If the Shoe Fits: A Courtroom and a City Captivated by the So-Called Stiletto Murder
Caked in congealed blood and matted with hair, the cobalt-blue-suede platform stiletto—size nine, with a five-and-a-half-inch steel heel—loomed large all 11 days it spent in court, displayed before the jurors and the world as attorneys relayed in graphic detail its last gory use as a lethal weapon.
Prosecutors alleged that on June 9, 2013, after a booze-soaked Saturday night on the town, 44-year-old Ana Trujillo, a petite mother of two, tore the shoe off her foot and bashed it into her boyfriend’s head some 25 times.
The victim, 59-year-old Stefan Andersson, was a biochemist and UH professor who was widely regarded as mild-mannered and gentle. Through her lawyers, Trujillo countered that he was a violent, belligerent drunk who hid his dark side well. As they fought in his ritzy 18th-floor apartment in the Museum District that night, Trujillo feared for her life, she said, and reached for the only weapon she had. Before she knew it, she’d bludgeoned Andersson to death with the very heels she supposedly wore to suit his fancy.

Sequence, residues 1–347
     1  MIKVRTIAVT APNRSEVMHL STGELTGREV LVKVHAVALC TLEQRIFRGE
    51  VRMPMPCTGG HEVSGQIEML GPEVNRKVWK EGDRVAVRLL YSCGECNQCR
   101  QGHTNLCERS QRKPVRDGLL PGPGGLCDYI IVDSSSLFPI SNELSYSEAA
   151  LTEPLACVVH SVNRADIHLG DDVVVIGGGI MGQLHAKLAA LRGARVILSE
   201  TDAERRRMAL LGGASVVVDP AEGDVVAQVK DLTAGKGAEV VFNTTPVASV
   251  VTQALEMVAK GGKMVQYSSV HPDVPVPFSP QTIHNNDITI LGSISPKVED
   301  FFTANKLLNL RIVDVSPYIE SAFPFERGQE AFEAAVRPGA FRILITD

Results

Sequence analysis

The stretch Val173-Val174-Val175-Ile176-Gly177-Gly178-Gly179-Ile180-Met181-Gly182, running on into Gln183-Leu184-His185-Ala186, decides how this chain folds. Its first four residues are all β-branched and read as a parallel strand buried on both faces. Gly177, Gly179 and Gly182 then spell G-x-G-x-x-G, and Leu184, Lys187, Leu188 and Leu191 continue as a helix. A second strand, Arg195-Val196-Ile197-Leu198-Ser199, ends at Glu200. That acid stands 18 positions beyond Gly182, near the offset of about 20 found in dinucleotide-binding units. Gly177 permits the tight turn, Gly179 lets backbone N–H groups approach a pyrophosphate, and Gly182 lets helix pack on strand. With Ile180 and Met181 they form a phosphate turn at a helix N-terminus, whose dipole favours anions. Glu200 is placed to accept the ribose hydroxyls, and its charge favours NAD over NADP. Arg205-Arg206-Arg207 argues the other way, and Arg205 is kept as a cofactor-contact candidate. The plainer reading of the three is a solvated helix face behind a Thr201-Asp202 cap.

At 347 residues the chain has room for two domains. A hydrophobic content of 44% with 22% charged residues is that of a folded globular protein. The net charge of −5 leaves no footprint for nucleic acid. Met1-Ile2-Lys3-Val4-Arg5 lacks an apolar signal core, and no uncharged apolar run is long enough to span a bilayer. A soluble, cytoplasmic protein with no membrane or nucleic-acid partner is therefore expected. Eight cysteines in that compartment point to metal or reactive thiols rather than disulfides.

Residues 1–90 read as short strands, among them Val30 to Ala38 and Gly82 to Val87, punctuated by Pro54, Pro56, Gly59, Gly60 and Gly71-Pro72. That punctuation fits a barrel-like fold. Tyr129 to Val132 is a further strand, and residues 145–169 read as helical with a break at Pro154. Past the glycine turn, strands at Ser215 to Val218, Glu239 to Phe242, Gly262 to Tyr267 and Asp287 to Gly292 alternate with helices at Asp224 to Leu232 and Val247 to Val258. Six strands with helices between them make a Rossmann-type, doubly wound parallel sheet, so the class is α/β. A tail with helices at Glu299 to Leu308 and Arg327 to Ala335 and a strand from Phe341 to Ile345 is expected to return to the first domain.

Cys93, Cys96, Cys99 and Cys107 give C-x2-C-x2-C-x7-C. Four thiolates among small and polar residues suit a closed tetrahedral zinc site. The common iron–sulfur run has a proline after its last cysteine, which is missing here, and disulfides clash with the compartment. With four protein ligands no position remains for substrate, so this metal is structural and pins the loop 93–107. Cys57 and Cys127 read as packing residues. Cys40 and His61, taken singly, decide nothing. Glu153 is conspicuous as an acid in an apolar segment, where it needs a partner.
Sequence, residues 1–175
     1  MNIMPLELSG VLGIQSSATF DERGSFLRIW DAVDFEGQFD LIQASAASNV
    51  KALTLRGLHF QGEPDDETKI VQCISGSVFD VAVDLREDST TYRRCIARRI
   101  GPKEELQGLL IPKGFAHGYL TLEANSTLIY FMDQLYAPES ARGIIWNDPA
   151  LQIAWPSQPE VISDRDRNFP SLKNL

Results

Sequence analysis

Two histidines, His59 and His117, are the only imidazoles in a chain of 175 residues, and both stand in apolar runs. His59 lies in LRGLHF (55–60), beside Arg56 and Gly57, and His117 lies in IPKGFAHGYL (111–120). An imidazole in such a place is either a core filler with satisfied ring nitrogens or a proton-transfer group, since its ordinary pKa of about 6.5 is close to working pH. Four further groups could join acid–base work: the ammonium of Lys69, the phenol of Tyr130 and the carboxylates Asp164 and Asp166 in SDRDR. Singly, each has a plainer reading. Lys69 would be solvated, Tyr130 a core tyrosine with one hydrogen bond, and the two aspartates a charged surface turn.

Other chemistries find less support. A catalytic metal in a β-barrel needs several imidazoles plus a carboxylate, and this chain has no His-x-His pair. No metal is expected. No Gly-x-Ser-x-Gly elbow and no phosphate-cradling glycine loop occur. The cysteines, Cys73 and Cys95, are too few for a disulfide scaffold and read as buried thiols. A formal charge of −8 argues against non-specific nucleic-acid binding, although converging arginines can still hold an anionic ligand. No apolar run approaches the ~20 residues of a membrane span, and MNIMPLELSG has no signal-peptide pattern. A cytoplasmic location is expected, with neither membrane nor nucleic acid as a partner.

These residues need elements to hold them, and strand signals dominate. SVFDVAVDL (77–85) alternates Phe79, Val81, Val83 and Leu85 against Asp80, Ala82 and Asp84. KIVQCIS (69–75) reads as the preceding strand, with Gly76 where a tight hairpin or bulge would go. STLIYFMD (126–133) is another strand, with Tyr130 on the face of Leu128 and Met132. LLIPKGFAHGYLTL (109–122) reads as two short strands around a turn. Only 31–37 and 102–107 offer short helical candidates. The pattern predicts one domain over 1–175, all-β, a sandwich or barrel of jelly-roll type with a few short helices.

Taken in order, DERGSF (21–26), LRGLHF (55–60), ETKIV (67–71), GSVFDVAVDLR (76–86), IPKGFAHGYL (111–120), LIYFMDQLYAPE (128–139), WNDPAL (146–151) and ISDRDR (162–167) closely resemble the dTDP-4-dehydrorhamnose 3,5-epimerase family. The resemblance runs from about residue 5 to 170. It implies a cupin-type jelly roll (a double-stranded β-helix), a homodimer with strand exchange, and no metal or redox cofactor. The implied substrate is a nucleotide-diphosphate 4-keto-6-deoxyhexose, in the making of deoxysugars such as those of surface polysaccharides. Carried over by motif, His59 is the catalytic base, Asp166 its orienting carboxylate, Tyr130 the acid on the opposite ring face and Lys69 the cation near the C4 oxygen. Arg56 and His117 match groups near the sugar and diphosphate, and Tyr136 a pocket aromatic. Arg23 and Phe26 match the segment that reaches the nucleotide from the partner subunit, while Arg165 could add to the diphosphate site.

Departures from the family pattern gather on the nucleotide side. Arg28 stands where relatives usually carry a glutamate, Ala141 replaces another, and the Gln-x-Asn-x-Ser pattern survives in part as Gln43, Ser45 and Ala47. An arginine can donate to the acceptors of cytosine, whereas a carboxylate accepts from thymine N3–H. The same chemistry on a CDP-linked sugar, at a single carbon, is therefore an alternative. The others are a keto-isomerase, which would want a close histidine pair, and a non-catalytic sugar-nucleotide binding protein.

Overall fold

She called 911, and police arrived to find a grisly, blood-soaked scene: Andersson lying in the hallway with dozens of puncture wounds, some over an inch deep, to his face, head, neck, and arms, and Trujillo’s left stiletto resting ominously nearby.
Later, at trial, its unmarred mate would be used in dramatic courtroom demonstrations that saw prosecutors pound the air and mount a mannequin torso to pantomime the deadly blows before a bewildered audience.
The jury, forced to choose between two made-for-TV narratives—a victim of secret domestic assault driven to a moment of desperation, or a twisted enchantress with her own violent tendencies who killed a good man in cold blood—embraced the latter and found Trujillo guilty in less than two hours. Before her sentencing, Trujillo took the stand in her own defense, though her six hours of rambling testimony may have done more harm than good, as the jury sentenced her to life in prison. She lost her appeal in late 2015.
That same year, Trujillo reflected on the heat of the moment in a 20/20 special. “You don’t know what you’re going to do when that happens,” ABC’s Ryan Smith offered in the prison interview. “You think you do,” Trujillo said, her infamously emotive face nearly cracking into a grin as she lowered her voice to a whisper, “but you don’t.”